Global influences and ethnic mash-ups have skyrocketed in popularity over the past several years while portable handhelds remain a perennial favorite of consumers. The intersection of these two demands has resulted in expansion of ethnic sandwiches on menus.
According to Technomic’s 2017 Flavor report, 65% of consumers say they like trying new flavors from time to time, and 55% say they’d be likely or extremely likely to try new flavors on sandwiches. Offering innovative takes on ethnic sandwiches is a great way to attract the business of these diners.
Popular ethnic sandwich choices and how operators are innovating
Menuing unique twists on popular ethnic sandwiches doesn’t have to mean revamping the whole menu. Rather, it can be as simple as swapping out one element—the bread, the protein, the toppings—or adding an unexpected ingredient or condiment. And to attract the 73% of consumers who say they are more likely to visit a restaurant that offers new flavors, according to Technomic’s Flavor report, operators can’t go wrong with these options.
See how operators are evolving their ethnic sandwich offerings with some simple steps meant to attract new diners.
Expanding protein options: Vietnam’s banh mi, which features meats, pickled vegetables and herbs stacked high on crispy French bread, is typically served up with pork as its main protein, but can also be served with beef, turkey, shrimp, tofu or any number of other vegetarian options. For instance, at Ba Le in Chicago, the Vegan Tofu Eggplant & Mango banh mi comes with all the traditional trimmings, including cilantro, pickled daikon and carrot, plus a sweet mango sauce. Other options offered include a slow-grilled sliced honey sausage banh mi, topped with peanut sauce and scallions, and a sirloin steak banh mi topped with onions and lemon fish sauce.
Veganizing: Coming from Turkey, the doner kebab is similar to a gyro and is often made with lamb cut from an inverted cone on a rotisserie. It’s usually topped with veggies such as tomato, lettuce, onion with sumac, and pickled or fresh cucumber, making it a refreshing and indulgent option. At Wursthall in San Mateo, Calif., though, vegan diners delight in the option to order a vegan kebab, made with meat-free doner kebab, vegan garlic sauce, house pickles and sumac on Turkish bread.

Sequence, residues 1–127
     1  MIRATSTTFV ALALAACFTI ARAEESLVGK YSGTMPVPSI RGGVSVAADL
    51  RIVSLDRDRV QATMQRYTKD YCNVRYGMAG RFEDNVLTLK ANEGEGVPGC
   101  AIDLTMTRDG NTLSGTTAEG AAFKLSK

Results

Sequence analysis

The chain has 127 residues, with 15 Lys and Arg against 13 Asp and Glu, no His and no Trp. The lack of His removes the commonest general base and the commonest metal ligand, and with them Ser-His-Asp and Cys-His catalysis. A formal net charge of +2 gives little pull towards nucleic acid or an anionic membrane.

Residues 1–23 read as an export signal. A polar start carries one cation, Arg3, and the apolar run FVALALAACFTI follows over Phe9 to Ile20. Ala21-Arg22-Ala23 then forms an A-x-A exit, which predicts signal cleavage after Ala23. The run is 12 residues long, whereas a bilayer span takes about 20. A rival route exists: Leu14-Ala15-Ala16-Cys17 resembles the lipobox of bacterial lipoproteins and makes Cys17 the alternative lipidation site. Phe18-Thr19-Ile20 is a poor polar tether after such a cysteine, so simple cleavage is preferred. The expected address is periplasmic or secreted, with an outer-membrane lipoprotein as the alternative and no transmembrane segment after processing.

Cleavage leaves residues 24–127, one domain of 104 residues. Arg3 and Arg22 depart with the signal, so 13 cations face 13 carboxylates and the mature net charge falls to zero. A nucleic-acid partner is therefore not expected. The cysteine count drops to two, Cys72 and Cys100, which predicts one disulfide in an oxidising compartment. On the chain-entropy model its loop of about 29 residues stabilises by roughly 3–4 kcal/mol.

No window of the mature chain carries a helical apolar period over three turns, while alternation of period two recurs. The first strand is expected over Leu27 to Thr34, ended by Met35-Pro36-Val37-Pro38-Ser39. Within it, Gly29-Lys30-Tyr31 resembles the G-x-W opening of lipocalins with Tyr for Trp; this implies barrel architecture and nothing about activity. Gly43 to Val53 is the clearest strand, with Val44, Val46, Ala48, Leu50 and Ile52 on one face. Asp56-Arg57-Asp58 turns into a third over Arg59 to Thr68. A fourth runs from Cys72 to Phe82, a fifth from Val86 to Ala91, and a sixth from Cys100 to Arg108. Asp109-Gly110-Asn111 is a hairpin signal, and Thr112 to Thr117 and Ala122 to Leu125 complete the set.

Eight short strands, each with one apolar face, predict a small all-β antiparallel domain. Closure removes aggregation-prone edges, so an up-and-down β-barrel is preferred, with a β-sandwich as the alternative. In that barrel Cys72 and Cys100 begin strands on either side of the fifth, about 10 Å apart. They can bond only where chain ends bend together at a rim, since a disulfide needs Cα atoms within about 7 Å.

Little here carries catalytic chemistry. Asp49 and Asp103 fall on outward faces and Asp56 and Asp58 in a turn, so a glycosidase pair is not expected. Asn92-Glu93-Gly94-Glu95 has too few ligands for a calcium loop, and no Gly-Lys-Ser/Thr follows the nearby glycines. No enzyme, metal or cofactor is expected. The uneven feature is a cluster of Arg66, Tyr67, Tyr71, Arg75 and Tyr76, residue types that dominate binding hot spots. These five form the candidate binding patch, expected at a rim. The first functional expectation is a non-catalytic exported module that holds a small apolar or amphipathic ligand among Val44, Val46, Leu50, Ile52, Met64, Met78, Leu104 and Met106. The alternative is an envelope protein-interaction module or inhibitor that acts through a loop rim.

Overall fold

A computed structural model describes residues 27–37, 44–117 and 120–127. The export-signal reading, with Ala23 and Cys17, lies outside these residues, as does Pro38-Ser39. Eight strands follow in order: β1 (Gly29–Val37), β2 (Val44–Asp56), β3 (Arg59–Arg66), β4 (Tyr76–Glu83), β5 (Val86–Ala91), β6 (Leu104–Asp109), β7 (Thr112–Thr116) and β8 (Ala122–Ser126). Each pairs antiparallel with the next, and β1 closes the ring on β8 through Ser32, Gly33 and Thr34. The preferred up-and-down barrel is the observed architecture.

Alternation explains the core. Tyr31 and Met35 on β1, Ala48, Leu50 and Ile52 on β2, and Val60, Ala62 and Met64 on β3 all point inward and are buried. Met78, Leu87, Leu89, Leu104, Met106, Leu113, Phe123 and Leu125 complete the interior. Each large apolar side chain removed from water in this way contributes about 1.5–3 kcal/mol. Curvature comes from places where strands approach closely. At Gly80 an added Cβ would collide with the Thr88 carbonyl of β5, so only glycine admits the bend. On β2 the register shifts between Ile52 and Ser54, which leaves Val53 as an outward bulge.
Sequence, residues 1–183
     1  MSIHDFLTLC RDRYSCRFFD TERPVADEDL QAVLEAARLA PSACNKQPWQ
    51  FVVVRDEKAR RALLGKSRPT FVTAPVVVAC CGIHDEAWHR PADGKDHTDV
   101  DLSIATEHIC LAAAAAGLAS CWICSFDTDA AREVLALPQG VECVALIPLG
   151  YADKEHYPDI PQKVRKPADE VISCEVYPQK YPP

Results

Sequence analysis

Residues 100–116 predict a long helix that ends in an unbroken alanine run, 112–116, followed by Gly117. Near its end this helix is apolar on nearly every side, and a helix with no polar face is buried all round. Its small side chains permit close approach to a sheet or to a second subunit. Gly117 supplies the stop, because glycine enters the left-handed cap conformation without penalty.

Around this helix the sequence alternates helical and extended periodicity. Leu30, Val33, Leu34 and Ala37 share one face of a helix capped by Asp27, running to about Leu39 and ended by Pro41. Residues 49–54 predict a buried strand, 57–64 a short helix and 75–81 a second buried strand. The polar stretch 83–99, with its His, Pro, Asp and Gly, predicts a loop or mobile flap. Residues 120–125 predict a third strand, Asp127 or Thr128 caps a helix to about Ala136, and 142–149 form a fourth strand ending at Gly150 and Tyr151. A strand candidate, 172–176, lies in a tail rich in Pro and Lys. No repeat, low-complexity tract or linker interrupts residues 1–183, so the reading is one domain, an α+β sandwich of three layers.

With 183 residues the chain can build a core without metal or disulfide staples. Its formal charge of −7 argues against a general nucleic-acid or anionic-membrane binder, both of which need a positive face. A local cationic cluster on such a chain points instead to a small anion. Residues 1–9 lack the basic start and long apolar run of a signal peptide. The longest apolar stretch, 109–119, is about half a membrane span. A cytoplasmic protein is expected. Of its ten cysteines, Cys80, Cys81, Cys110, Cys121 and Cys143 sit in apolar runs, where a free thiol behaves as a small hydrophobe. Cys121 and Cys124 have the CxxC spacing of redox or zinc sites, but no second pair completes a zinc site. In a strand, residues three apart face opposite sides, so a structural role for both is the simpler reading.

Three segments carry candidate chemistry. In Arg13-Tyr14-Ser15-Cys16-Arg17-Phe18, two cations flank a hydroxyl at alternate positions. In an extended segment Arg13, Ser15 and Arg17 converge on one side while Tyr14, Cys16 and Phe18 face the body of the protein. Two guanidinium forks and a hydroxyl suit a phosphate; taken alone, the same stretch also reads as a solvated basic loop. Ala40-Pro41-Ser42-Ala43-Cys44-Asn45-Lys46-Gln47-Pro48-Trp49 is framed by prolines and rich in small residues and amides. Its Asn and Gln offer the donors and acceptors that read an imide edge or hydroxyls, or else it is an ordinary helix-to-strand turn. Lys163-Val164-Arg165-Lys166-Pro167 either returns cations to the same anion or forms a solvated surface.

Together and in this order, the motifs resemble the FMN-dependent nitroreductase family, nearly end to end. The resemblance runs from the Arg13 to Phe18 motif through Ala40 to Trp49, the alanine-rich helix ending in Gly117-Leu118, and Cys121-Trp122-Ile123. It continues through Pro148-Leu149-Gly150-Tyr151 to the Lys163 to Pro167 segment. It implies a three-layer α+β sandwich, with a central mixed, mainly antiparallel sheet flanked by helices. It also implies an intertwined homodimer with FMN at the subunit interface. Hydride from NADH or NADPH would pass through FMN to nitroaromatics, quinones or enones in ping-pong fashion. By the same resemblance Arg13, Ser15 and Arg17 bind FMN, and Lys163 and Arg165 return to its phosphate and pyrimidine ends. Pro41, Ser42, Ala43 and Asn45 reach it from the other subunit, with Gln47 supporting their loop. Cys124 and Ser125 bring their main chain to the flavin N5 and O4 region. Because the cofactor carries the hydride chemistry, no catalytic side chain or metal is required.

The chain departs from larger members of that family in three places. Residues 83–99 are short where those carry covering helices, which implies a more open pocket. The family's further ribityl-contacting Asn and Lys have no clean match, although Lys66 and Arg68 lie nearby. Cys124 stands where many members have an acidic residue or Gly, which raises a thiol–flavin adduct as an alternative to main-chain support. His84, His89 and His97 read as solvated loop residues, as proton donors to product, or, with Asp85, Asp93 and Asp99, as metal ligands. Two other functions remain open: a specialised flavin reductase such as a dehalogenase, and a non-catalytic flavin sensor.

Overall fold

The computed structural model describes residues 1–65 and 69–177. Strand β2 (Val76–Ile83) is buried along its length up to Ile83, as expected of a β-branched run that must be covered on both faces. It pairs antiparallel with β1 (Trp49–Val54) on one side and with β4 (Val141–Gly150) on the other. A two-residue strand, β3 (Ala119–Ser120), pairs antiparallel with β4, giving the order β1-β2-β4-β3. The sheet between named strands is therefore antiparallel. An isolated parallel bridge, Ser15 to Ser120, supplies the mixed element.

Swapping proteins: Arepas from Venezuela and Colombia can be enjoyed during any daypart. These corn-cake sandwiches are stuffed with flavorful ingredients such as cheese, steak and more, but at Healthy Route 66, a restaurant with three locations in Miami and Coral Gables, Fla., diners can choose the Turkey Arepa, stuffed with turkey, ham, cheese, lettuce and tomato.
Exploring condiments: Australia may not be known for any specific ethnic sandwich, but the country is known for its acquired-tastes-only spread, Vegemite. Slathered on bread or blended into mayonnaise to create a Vegemite aioli, it’s the perfect accompaniment for a grilled cheese sandwich—or any other sandwich that could use a sharp kick. Scofflaw, a cocktail bar in Chicago, notably served the salty, umami-rich spread on a “cheese toastie”—a grilled cheese with tomato, avocado and caramelized onions on sourdough bread.
Breaking out new breads: The Cuban sandwich is a nearly perfect meal—piled high with ham, roast pork, swiss cheese, pickles and mustard on Cuban bread. It’s also been served up with turkey instead of traditional pork (The Matador Room in Miami, Fla., serves it this way). But switching up the bread could be the next way to attract diners to this savory sandwich. The Medianoche sandwich, as it’s called when prepared this way, replaces the crusty Cuban bread with a soft, sweet egg dough similar to challah bread.
Updating and innovating ethnic sandwiches is a great way to get diners excited about the menu. Blending familiar formats and flavors they know and love with new ingredients, interesting sauces and more keeps things fresh and keeps customers coming back for more.
This post is sponsored by Butterball Foodservice